Instead, at about 80% of your normal power, hit several balls deep into his FH corner. After five or six of these, he’ll start “camping” over in that corner. He’ll probably not hit the ball back as deeply as when on the run. When you get a ball which brings you into the area of your own Service Line, go firmly for the other corner. (Don’t “kill” it; just strike it at about 85% of power and place it deep in that BH corner.) Against guys who can run like Soft-ballers can, placement is more important than power.

    d) DROP-SHOT / LOB - Give him some of his own medicine, by forcing him to come to net with a short ball. Then lob to the opposite corner of wherever he hits to you. (Most guys who run -- like this opponent tends to -- cannot run nearly as well Up and Back as they can Side-to-Side. And frequently they really don’t like the net.) ... IF ... he's the kind of Baseliner who tries to immediately "retreat" to the back court after every short ball ... bring him right back to the net *again*. Bringing them IN takes them out of their comfort zone.

    e) MIX IT UP - Most Soft-ballers like to be “in a groove.” They like to get used to the way you hit the ball ... and play off your pace. Mix it up, by never hitting the same shot twice in a row.
    #1 - A soft slice deep in their court
    #2 - An 80% firm topspin deep in their court
    #3 - A looping topspin shot deep in their court
    #4 - A mostly flat shot hit firmly and deeply
    #5 - An 80% firm topspin deep in their court
    #6 - A soft slice deep in their court
    #7 - A mostly flat shot hit firmly and deeply
    #8 - A soft slice deep in their court
    #9 - (Please tell me you're getting the idea...!)

    He won’t be able to get “grooved” and will make more errors ... sooner. (Just be sure and not slip into a predictable pattern with each shot choice....)

    f) “DIAGONAL” HIM - Hit a short, sharply-angled slice to (say) his FH side ... followed by a shot deep into his BH corner. Repeat as often as needed. (Baseliners try to avoid the net ... AND ... they don’t run as well this way as they do Side-to-Side.) They’ll get a lot more tired more quickly if you “diagonal” them to pieces.

    Okay. That’s six strategic approaches. Pick two or three you know YOU can do and try them out...! Let us know how it goes....

    - KK
     
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    #43
  44. Ripper

    Ripper Hall of Fame

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    Part of the inconsistency is that unnecessary excitement you're mentioning, but most of it is knowing that, if I don't put it very far away from him and/or put some good speed on it, he's going to get to it... and push it back to me, lol.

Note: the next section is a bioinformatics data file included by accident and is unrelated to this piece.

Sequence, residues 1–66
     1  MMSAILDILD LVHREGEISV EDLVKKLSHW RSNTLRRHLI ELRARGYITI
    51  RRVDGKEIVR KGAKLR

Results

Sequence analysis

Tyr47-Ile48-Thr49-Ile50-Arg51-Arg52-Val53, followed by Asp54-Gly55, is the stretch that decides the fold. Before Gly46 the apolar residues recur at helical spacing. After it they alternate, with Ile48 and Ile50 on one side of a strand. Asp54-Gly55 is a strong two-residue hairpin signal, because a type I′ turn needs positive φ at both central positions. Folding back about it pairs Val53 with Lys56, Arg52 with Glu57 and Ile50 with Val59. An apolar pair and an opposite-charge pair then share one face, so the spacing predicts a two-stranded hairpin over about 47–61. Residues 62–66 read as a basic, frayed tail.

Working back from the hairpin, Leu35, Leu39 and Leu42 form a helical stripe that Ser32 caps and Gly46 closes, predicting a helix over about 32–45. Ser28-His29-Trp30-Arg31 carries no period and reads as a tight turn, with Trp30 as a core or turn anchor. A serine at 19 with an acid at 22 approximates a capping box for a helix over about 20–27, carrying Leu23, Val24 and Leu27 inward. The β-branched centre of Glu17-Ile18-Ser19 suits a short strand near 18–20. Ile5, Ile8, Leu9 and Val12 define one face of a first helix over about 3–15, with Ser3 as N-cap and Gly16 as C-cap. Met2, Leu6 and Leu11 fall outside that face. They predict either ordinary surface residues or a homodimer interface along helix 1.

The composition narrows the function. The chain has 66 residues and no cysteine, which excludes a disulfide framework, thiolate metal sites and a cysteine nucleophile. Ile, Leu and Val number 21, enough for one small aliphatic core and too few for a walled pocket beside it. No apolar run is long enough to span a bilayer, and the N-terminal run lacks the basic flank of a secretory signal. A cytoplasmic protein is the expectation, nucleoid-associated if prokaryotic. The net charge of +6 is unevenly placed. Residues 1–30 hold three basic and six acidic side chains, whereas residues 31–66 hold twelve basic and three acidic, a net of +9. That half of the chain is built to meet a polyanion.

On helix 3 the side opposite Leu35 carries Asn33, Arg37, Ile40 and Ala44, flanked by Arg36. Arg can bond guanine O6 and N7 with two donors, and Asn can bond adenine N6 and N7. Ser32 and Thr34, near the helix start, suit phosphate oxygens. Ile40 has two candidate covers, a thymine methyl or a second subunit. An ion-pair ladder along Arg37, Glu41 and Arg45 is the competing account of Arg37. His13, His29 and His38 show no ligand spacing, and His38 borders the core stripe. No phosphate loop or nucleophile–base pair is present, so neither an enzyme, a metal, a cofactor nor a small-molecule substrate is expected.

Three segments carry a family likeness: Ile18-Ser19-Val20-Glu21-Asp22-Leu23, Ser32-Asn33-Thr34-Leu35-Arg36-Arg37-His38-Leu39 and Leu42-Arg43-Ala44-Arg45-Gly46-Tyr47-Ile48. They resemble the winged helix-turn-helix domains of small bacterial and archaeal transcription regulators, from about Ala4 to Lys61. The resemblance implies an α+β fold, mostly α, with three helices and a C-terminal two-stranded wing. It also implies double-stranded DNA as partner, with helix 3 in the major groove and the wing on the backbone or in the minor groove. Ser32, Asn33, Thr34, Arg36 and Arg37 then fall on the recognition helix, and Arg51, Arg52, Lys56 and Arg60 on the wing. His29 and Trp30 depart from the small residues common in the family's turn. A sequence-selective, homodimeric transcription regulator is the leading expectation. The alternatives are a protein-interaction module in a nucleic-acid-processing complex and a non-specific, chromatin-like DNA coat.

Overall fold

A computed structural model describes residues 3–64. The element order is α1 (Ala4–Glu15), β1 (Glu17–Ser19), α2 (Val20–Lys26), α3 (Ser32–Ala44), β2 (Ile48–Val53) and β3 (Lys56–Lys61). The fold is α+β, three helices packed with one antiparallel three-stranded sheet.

#44
  45. johnny ballgame

    johnny ballgame Professional

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    Same problem (except I'm 0-2 against my nightmare pusher). I think footwork is the key. It's funny, I have good footspeed playing defense against an agressive player, but something bad happens when I have all day to set up. Maybe it's because I know I have plenty of time, and so I allow my footwork to be lazy and sloppy. :confused:
     
    #45
  46. Ripper

    Ripper Hall of Fame

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    Well, I insist that the key is simply becoming a better player. In other words, improving our level. Pushers, no matter how tough, don't stand a fricking chance against players of a certain level. So, that's really the key.
     
    #46
  47. shojun25

    shojun25 Professional

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    Thanks for the advice guys, especially KK. Think I know what to do when I play him monday. Just hope I remember what to do. Again, thanks for all the help.
     
    #47
  48. Mick

    Mick Legend

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    suppose a high level tennis player like a 5.0+ decides to play a "pusher" game against a lower level tennis player (because he would win too easily playing his normal game), the lower level tennis will have no chance of winning, yet he will come out of the match thinking he has lost to a pusher.
     
    #48
  49. Kaptain Karl

    Kaptain Karl Hall Of Fame

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    Yes, Mick. I see it all the time with my HS boys.

    "Coach, I can't believe I lost to that *%$## Pusher!"

    "You lost to a better player, who changed his style of play to get more practice."

    "Whaaaa!!!"

    (Okay, that was an exaggeration ... but only a little.)

    - KK
     
    #49
  50. tennisproace

    tennisproace Guest

    How do I beat these players?

    I am on JV high school tennis team. I play 3rd singles so I have to play agianst these people who tap the ball back. My problem is I load up and then just blast it, I get way too anxious. What is a good strategy to beat LOLLIPOPPERS and how can a get a more consisting stroke.